“Here today, I want to especially thank the International Association of Chiefs of Police, the Fraternal Order of Police, as well as the National Organization of Black Law Enforcement Executives, the Federal Law Enforcement [Officers] Association, the Police Executive Research Forum, Major City Chiefs Association, and others who . . . stepped up and endorsed what we’re talking about today.”

“This executive order is going to deliver the most significant police reform in decades.  It applies directly, under law, to only 100,000 federal law enforcement officers — all the federal law enforcement officers.  And though federal incentives and best practices they’re attached to, we expect the order to have significant impact on state and local law enforcement agencies as well.”

“Here are the key parts:

“First, the executive order promotes accountability.  It creates a new national law enforcement accountability database to track records of misconduct so that an officer can’t hide the misconduct. It strengthens the pattern-and-practice investigations to address  systemic misconduct in some departments.  It mandates all federal agents wear and activate body cameras while on patrol.”

Second, the executive order raises standards, bans chokeholds, restricts no-knock warrants, tightens use-of-force policies to emphasize de-escalation and the duty to intervene to stop another officer from using excessive force. . . .”

Third, “the executive order modernizes policing.  It calls for a fresh approach to recruit, train, promote, and retain law enforcement that [is] tied to advancing public safety and public trust.
Right now, we don’t systematically collect data, for instance, on instances of police use of force.  This executive order is going to improve that data collection.”

Other Comments on the Order

As an executive order, it is not as comprehensive as a federal statute on these subjects, but because of Republican opposition Congress has refused to adopt such legislation this term. Moreover, as a federal order it cannot and does not compel state and local law enforcement agencies to adopt the policies set forth in the order; instead, as previously noted, it provides incentives for state and local agencies to do so.

“Larry Cosme, president of the Federal Law Enforcement Officers Association, said the order will have the most direct impact on the nation’s 100,000 federal officers, given that Biden’s ability to act unilaterally on policies for local and state police is limited. But Cosme [also] said the document could serve as a ‘national role model for all law enforcement around the country. We’ve engaged in hundreds of hours of discussions, and this can inspire people in the state and local departments to say: ‘This is what we need to do.’”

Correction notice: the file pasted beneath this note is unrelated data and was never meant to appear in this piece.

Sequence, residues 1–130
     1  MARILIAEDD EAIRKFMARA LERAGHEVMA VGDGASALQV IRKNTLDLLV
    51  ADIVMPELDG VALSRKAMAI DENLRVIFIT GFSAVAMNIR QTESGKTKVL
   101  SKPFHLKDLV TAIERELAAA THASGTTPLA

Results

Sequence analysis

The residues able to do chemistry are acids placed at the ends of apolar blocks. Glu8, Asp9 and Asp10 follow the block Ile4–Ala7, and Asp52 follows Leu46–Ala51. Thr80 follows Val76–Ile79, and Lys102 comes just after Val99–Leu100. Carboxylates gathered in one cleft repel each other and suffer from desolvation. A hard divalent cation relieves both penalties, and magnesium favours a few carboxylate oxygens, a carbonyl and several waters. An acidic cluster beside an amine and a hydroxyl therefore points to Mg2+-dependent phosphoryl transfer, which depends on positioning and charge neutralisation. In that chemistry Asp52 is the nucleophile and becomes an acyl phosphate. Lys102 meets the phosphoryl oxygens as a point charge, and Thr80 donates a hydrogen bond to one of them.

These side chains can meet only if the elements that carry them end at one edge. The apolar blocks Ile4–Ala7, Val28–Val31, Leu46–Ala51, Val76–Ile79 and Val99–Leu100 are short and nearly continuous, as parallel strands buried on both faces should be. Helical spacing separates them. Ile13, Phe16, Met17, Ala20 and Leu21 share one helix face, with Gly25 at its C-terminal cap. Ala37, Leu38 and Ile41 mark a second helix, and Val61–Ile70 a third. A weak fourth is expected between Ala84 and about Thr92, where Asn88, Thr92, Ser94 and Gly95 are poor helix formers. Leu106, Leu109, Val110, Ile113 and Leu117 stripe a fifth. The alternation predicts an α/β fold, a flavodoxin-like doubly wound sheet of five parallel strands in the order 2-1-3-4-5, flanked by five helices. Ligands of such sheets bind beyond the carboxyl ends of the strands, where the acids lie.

“Cosme emphasized that the order will include sections aimed at providing more support for officer wellness, including mental health, and officer recruitment and retention at a time when many departments are facing low morale and staffing shortages. ‘No officer wants anyone, not the suspect or the victim, to lose their life. We want the maximum safety for everyone in the country.’”

The order also drew support from other leaders of major policing organizations.

Jim Pasco, the executive director of the Fraternal Order of Police, said he thought the order’s revised use-of-force language would “bring more clarity and better guidance to officers” but without causing them to become so risk-averse that they fail to protect themselves and others when necessary. “It’s not a question of stricter or less strict,” Mr. Pasco said. “It’s a question of better framed. And a better-constructed definition of the use of force.” He added: “It’s not a sea change.”

Chuck Wexler, executive director of the Police Executive Research Forum, “It’s the nature of American policing. We don’t have a national police force, no national standards and no way of making every department comply with national standards. What this does is, when you don’t have Congress acting on a police bill, you have the president of the United States setting the tone: ‘Here’s what I expect of federal agencies and, therefore, I think state and local will follow.’”

Another supporter of the order, the NAACP by its President, Derrick Johnson, said, ‘We know full well that an executive order cannot address America’s policing crisis the same way Congress has the ability to, but we’ve got to do everything we can. There’s no better way to honor George Floyd’s legacy than for President Biden to take action by signing a police reform executive order.’”